Young Voters Forcing Pollsters to Account for Them


ANNAPOLIS (Oct. 27, 2008)—The official Web site for presidential candidate Sen. Barack Obama urges volunteers to "Drive for Change," and in his time off from classes and homework, University of Maryland senior Shan Shah does just that.

Shah and other volunteers travel across the state border every weekend to canvass neighborhoods in swing states Pennsylvania and Virginia before the Nov. 4 presidential election.

"I've seen more interest from my friends about politics than I've ever seen by far," said Shah, 21.

The increase in political engagement among young people is reflected in voter registration numbers in Maryland and around the country. It also is forcing pollsters to adjust their methods for surveying voters this election by including more voters who are only reachable by cell phone and by reconsidering the proportion of young voters in their samples.

Overall, the increased registration numbers point to a decided Obama advantage among young voters.

For example, in Maryland the number of new voters ages 21 and younger registering as Democrats in 2008 is 26 percent higher than it was in 2004. The number of new voters of the same demographic registering as Republicans in 2008 is 6 percent lower than it was in 2004.

"It's pretty much always on our minds and we're always watching the debates and we all keep up with the news about the election," said Maryland sophomore Sarah Forman, 19, who is a registered Democrat.

In an attempt to better represent these young voters, pollsters at Gallup and The Pew Research Center for the People and the Press, decided this year to include samples of voters in their surveys who are only reachable by cell phones.

A 2006 Pew report found that 48 percent of people under 30 were cell-only. It also showed that most cell-only survey participants were younger and more liberal on many issues than the landline sample.

"It appears that there is a large enough group of cell-onlys and they're significantly different from the landline population that their exclusion is making a difference that even the normal weighing we do doesn't correct for," said Scott Keeter, Pew's director of survey research.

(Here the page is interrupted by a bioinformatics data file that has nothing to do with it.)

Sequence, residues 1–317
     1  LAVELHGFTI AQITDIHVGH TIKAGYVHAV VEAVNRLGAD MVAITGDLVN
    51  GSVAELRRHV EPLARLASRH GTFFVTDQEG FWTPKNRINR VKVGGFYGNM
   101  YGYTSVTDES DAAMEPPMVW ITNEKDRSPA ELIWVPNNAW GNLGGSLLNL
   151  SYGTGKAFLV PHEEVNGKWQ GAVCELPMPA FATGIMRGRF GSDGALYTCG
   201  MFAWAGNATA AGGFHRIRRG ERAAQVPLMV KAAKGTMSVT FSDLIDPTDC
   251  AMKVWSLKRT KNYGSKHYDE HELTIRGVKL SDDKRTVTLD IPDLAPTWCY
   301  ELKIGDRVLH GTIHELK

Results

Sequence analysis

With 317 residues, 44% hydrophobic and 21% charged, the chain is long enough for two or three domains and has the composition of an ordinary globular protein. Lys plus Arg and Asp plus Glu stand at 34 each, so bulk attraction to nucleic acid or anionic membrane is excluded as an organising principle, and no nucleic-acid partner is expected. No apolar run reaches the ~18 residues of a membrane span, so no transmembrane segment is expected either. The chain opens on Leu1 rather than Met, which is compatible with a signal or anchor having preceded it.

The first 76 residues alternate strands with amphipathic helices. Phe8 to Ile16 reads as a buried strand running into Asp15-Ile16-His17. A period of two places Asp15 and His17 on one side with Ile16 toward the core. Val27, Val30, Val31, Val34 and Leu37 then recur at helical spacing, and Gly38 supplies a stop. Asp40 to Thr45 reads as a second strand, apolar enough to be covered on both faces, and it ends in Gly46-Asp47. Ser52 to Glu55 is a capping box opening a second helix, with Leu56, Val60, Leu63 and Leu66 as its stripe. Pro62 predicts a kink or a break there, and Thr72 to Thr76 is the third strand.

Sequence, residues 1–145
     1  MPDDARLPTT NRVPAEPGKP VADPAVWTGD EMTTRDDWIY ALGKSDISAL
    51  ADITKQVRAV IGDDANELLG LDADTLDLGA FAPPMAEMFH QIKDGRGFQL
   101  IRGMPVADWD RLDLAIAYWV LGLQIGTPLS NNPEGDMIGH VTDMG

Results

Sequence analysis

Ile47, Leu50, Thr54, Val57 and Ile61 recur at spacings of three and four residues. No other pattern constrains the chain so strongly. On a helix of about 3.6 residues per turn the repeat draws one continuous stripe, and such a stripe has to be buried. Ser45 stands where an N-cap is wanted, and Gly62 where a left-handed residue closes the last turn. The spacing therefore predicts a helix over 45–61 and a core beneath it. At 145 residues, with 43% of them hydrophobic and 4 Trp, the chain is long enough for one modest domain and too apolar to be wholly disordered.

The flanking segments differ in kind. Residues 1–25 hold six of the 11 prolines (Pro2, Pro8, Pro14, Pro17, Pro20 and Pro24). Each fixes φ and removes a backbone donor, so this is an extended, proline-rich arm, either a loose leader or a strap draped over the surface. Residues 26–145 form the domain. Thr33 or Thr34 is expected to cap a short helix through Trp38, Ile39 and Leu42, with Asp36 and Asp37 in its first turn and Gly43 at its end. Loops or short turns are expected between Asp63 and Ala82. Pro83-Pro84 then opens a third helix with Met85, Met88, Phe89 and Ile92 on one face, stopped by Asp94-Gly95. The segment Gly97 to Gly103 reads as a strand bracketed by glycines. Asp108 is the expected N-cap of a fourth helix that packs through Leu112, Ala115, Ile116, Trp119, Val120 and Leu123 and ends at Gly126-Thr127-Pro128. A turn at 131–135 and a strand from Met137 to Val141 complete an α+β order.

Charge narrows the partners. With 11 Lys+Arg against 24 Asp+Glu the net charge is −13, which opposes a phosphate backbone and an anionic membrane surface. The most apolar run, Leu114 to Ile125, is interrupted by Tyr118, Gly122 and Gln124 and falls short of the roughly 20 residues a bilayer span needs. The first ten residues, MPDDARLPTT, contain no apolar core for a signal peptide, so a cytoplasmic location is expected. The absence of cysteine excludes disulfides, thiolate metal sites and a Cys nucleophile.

Keeter said that when cell-only voters are included, Obama does slightly better.

Some, but not all pollsters, are adjusting their methods for creating likely voter samples to reflect increased political engagement among younger voters.

Typically, likely voters are determined based on levels of registration, interest and intention. Traditional models include a person's past voting behavior while expanded models judge likely voters on their current intentions.

But Gallup released a report on Oct. 22 stating that regardless of whether or not past behaviors of young voters is taken into account, their proportion in likely voter samples hardly changes from the 12 to 14 percent of previous elections. Gallup polls show that registration and turnout among younger voters will not match that of older Americans, despite the current political enthusiasm.

Pew, on the other hand, is changing how it determines survey samples. For example, Pew is giving less weight to whether or not people have voted before, something college-age voters could not have legally done.

"We are using some additional questions in our likely voter scale that try to pick up the level of engagement that voters have in what's going on," said Keeter. Pew's most recent poll gave Obama a 14-point lead over McCain among both registered and likely voters.

If young voters do turn out in higher than usual numbers, it is likely to help Obama. Not all, but most polls show young people supporting Obama over McCain by substantial margins.

Gallup shows Obama up by almost 2 to 1.

"I saw him and I was really inspired," said Forman, who sat in a crowd of 18,000 in Maryland's Comcast Center when Obama held a rally there in February. "I know a lot of people plan on voting, and my group of friends, we all talk about it all the time."

Maryland election officials anticipate large crowds. More than 4,000 voters are assigned to the two polling stations on the University of Maryland campus.

"Not only at those two polling places, at Bowie State University as well, we do expect a high turnout of the students and as a result of that we have increased the number of voting units," said Alisha Alexander, election administrator for the Prince George's County Board of Elections.

For the 2004 election, there were 14 voting units at the College Park campus. This year there will be 32.

"I think this election, this can be huge, huge youth voter turnout," Shah said.

Capital News Service contributed to this report.

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